Lean in. Opt out. Have it all. None of the above.
A new book based on a groundbreaking cross-generational study reveals both greater freedom and new constraints for men and women in their work and family lives.
Stew Friedman, founding director of The Wharton School's Work/Life Integration Project, studied two generations of Wharton college students as they graduated: Gen Xers in 1992 and Millennials in 2012. The cross-generational study produced a stark discovery—the rate of graduates who plan to have children has dropped by nearly half over the past 20 years. At the same time, men and women are now more aligned in their attitudes about dual-career relationships, and they are opting out of parenthood in equal proportions. But their reasons for doing so are quite different.
In his new book, Baby Bust: New Choices for Men and Women in Work and Family, Friedman draws on this unique research to explain why so many young people are not planning to become parents. He reveals good news, that there is a greater freedom of choice now, and bad, that new constraints are limiting people's options. In light of these present realities, he offers ideas for what we can do as a society, in our organizations, and for ourselves to make it easier for men and women to choose the lives they want.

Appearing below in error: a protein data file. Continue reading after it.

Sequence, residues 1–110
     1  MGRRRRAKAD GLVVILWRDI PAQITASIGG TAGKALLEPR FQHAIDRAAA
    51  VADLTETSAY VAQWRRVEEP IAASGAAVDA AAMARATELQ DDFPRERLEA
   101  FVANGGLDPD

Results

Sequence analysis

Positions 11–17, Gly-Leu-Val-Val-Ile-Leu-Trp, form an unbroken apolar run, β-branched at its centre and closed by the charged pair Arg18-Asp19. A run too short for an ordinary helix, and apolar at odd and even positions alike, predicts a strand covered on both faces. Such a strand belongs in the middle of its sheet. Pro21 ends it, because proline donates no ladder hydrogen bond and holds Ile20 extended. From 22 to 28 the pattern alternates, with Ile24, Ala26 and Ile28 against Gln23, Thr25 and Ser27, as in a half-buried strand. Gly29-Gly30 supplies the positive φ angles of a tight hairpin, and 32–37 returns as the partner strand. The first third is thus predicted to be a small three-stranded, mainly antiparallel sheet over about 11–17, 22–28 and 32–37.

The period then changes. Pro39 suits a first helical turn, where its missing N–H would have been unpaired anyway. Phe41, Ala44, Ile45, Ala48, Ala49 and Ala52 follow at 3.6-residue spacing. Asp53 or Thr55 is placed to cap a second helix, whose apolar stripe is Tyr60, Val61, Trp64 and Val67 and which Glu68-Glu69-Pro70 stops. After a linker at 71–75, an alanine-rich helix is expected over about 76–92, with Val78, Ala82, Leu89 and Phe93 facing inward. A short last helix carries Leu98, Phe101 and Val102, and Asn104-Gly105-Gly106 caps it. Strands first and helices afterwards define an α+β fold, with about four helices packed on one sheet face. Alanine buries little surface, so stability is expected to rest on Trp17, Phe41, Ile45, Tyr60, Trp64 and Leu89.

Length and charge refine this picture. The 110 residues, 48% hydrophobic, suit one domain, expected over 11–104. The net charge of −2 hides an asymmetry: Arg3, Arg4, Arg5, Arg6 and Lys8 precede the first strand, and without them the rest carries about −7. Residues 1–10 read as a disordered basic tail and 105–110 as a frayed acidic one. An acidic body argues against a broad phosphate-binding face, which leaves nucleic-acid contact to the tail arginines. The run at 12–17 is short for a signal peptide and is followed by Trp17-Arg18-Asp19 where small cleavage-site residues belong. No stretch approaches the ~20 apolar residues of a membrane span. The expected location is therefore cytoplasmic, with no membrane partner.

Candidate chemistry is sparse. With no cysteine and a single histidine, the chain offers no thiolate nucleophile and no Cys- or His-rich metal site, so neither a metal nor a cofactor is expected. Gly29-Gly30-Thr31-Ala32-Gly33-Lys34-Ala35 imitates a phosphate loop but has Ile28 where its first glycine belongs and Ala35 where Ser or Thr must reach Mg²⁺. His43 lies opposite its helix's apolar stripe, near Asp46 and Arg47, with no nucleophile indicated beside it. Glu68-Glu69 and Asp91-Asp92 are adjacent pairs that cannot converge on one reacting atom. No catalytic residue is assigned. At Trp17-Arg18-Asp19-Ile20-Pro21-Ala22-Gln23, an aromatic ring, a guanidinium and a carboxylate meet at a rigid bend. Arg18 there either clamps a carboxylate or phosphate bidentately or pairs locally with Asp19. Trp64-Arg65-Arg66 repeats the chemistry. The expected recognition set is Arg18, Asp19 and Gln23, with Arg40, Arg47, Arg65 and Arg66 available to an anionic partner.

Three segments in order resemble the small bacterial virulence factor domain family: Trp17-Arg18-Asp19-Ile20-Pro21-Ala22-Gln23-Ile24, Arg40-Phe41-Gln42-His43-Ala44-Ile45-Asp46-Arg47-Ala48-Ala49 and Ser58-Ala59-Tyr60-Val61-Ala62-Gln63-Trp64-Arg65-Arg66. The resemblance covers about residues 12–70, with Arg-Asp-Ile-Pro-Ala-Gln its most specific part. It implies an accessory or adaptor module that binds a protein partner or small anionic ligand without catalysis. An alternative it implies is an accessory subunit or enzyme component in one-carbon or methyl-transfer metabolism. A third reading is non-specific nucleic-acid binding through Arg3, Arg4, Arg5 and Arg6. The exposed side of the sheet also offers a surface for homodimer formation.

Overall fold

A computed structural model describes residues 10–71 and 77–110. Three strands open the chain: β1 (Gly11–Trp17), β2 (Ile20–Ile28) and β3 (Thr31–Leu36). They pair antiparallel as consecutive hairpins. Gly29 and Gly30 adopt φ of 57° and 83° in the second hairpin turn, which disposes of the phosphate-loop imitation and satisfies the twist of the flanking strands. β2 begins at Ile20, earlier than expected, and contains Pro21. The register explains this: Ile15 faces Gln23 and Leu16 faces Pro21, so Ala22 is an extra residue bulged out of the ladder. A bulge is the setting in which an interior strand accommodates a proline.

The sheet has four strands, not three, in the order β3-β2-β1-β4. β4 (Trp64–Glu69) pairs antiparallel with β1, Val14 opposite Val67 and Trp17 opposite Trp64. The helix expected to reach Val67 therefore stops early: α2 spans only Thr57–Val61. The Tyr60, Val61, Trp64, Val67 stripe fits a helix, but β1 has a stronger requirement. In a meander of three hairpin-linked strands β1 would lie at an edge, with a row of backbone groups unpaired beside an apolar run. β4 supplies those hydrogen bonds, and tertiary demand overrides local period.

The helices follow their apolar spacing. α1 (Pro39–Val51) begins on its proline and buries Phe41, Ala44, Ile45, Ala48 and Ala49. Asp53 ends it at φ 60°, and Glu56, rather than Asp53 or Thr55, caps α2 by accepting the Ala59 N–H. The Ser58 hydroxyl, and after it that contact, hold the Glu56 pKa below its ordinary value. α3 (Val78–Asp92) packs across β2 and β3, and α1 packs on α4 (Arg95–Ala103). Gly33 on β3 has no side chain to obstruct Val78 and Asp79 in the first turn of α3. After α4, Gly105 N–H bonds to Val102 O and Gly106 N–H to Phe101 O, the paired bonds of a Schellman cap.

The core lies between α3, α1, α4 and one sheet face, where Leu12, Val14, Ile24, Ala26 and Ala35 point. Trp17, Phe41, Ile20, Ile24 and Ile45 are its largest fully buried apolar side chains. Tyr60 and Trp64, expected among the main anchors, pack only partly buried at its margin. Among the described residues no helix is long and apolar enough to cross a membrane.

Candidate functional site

In this book, Friedman addresses:
+ How views about work and family have changed in the past 20 years
+ Why men and women have different reasons for opting out of parenthood
+ How family has been redefined
+ Why we are all now part of a revolution in work and family
+ What choices we face in our social and educational policy
+ How organizations and individuals—especially men—can spur cultural change
In the debates on work and family, people of all generations are calling for a reasoned, thoughtful, research-driven contribution to the discussion. In Baby Bust, Friedman offers just that: an astute assessment of how far we have come and where we need to go from here.